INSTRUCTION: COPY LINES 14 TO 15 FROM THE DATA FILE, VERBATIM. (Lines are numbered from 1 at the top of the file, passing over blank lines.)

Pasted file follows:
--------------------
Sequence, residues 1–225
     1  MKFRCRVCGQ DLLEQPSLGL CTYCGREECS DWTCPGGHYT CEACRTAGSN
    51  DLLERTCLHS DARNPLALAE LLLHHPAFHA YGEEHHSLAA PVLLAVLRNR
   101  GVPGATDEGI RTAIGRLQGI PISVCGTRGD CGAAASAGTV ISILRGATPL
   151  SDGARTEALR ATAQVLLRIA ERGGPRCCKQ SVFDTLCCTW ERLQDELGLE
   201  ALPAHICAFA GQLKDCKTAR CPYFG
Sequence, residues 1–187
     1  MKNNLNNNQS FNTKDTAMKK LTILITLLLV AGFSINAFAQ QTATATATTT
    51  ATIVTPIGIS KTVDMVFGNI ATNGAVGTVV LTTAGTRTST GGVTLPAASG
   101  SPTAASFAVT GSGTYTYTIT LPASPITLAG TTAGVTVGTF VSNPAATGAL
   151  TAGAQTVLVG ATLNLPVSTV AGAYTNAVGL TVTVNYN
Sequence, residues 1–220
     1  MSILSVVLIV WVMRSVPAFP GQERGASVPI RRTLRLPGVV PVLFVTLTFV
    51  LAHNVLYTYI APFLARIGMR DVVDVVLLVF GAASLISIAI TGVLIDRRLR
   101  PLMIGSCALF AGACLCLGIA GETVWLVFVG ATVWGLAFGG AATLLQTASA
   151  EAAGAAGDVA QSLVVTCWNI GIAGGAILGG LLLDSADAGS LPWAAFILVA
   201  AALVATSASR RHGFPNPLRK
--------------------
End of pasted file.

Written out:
    51  LAHNVLYTYI APFLARIGMR DVVDVVLLVF GAASLISIAI TGVLIDRRLR
   101  PLMIGSCALF AGACLCLGIA GETVWLVFVG ATVWGLAFGG AATLLQTASA